Rodent Little Brother: A new way to study mouse behaviours

2 min read

Rodent Little Brother: A new way to study mouse behaviours Scientists at MRC Harwell have been working closely with Actual Analytics, Edinburgh as part of the NC3Rs’ CRACK IT initiative to develop a novel system for studying the behaviour of mice in their home cage.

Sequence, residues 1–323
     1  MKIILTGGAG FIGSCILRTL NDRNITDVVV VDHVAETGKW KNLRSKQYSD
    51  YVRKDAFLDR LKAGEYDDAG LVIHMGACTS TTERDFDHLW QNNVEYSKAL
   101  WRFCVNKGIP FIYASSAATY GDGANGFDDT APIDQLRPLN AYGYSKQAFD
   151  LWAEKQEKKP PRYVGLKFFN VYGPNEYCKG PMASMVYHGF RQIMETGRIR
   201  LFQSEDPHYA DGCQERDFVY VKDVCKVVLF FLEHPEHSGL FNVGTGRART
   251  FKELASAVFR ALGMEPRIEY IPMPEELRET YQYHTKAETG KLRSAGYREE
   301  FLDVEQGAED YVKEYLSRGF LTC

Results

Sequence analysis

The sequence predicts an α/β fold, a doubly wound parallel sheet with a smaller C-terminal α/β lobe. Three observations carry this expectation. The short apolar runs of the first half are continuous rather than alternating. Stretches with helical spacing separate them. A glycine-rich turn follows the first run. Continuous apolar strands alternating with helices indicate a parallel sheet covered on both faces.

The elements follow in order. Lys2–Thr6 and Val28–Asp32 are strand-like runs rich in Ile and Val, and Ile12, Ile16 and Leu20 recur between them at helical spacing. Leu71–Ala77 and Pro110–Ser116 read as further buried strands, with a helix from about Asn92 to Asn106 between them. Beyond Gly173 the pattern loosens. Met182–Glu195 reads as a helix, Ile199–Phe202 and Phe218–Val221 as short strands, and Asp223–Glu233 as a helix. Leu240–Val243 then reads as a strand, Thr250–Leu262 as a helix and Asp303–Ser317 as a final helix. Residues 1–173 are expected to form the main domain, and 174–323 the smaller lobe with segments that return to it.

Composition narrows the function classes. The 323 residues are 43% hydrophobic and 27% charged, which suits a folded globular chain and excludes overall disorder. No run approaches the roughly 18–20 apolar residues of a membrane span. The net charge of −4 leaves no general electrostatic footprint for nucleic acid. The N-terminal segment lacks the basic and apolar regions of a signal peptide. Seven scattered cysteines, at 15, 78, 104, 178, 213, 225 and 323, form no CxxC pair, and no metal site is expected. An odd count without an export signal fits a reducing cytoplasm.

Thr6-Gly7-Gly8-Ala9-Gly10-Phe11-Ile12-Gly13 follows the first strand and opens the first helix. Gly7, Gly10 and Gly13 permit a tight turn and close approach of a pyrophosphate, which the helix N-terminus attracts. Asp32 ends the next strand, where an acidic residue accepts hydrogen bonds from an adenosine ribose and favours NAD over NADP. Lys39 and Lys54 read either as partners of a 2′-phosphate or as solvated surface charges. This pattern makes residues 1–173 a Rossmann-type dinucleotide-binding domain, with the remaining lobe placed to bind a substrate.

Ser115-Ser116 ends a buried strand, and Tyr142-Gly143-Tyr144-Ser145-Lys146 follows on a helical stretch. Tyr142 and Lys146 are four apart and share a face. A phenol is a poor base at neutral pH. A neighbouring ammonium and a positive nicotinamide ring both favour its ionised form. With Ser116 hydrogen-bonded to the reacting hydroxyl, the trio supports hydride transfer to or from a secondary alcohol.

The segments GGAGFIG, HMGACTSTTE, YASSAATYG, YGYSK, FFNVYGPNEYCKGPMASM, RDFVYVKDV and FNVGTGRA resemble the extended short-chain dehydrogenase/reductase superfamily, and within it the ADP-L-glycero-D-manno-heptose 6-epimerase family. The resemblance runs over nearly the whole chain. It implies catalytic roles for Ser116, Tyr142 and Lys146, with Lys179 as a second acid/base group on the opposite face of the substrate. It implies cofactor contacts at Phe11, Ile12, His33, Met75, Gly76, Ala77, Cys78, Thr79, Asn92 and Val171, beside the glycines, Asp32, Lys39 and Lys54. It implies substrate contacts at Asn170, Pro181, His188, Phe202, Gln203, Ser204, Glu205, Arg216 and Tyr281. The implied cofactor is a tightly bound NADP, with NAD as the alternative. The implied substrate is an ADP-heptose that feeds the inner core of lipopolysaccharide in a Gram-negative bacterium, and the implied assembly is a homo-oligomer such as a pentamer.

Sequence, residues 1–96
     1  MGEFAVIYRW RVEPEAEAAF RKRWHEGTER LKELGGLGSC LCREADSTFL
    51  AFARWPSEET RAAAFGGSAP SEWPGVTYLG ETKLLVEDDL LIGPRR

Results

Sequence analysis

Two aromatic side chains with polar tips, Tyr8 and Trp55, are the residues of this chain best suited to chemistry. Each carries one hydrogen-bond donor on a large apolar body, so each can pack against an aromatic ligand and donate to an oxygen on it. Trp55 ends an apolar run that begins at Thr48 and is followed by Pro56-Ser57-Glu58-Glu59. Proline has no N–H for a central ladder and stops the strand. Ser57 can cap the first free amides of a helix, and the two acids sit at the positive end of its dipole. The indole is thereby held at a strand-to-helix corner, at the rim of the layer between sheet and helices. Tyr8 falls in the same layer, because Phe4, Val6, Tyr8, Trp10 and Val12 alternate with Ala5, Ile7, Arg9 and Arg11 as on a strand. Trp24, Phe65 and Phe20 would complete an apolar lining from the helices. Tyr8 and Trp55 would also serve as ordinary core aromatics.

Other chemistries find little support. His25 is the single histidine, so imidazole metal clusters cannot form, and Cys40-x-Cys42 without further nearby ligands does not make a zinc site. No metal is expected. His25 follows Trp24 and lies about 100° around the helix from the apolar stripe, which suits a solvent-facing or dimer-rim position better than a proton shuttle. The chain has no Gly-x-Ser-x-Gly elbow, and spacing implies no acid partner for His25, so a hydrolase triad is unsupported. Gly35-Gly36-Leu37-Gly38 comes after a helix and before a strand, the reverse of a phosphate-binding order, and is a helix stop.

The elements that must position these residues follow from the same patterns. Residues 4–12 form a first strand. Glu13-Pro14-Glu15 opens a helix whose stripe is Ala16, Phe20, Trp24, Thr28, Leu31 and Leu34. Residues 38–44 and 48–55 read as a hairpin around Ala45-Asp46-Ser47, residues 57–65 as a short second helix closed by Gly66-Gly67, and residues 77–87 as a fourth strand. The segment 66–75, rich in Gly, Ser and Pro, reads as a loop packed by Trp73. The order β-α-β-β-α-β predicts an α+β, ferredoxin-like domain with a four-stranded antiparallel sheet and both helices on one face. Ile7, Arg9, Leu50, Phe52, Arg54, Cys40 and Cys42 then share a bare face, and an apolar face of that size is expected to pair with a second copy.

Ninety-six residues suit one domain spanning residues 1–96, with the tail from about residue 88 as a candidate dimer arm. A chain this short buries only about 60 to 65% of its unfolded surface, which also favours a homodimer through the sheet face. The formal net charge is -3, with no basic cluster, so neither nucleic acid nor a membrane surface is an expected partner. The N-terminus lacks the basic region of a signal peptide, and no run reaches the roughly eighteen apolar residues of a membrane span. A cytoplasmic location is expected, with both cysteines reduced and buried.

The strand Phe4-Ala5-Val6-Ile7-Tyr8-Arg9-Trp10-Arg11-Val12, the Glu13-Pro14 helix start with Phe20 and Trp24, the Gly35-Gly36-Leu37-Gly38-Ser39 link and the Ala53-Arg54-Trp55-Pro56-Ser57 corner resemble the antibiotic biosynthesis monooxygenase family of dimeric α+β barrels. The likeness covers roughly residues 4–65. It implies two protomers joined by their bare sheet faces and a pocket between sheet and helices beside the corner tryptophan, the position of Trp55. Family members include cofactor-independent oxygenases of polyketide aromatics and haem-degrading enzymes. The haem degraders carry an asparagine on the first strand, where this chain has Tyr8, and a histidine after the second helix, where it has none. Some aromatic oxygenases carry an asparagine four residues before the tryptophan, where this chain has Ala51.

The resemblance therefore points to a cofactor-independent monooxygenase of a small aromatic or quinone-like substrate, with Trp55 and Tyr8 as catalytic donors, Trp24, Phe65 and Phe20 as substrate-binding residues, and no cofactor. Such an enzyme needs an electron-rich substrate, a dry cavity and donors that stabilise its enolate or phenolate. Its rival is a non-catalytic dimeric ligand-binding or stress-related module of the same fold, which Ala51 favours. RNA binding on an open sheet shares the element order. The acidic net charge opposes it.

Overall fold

Mice are used widely in research because they are mammals and are similar to humans in the way their bodies function and the genes they carry. Genetically altered mouse models are commonly used to investigate central nervous system disorders such as autism and neurodegenerative diseases such as Huntington’s disease. How mice are studied in the lab Mice are social animals and typically in a laboratory setting they are housed in small groups where they carry out their daily activities such as eating, sleeping, drinking, and grooming. In these ‘home cages’ they can interact with each other and often establish social hierarchies. A range of different ‘phenotyping’ tests have been developed to study the behaviour of mice in a quantifiable way. These tests, however, usually involve placing a mouse in a novel environment and in social isolation, which act as stressors and may confound the outcome of a test. Some tests require longer periods of social isolation which can adversely affect the wellbeing of the mouse, and even influence disease progression. Central nervous system and neurodegenerative diseases are often characterised by multiple phenotypes that are present over longer periods of time and can impact on social behaviour. Improving the science Scientists at MRC Harwell have been working closely with a technical development team at Actual Analytics to test new software which is capable of tracking the movements of three individual mice in group housed conditions. This method of studying mice is minimally invasive, only the insertion of a microchip is required (similar to microchipping household pets). The home cage is then placed in the ‘Home Cage Analysis System’ (HCA). The cage is placed on top of a base plate resembling a chess board, each ‘square’ connects to an antennae which can detect the movement of the microchipped mouse in that area. An infrared light source and camera is also used to record and analyse a range of additional behaviours in the home cage. The ultimate aim will be to record a collection of biologically meaningful home cage behaviours. In pilot studies, mice from three different strains were recorded over a number of days. Initial results have already revealed new insights into the behaviour of mice, particularly about their behaviour at night which is not normally recorded. For example, mice were most active just before dawn and for several hours into the light phase, which is not something seen in individually housed mice. It was also possible to see how external events, such as movement of a cage position by the handler, can affect the mice. Scientists were also able to visualise social interactions between the mice. Looking ahead Going forwards, this technology could help improve our understanding of the processes underlying complex central nervous system disorders, particularly when there is social impairment or more progressive changes at play. From a welfare perspective, HCA is minimally invasive and allows mice to be studied within their established social groups. Find out more To see the first paper on the Home Cage Analysis System click here

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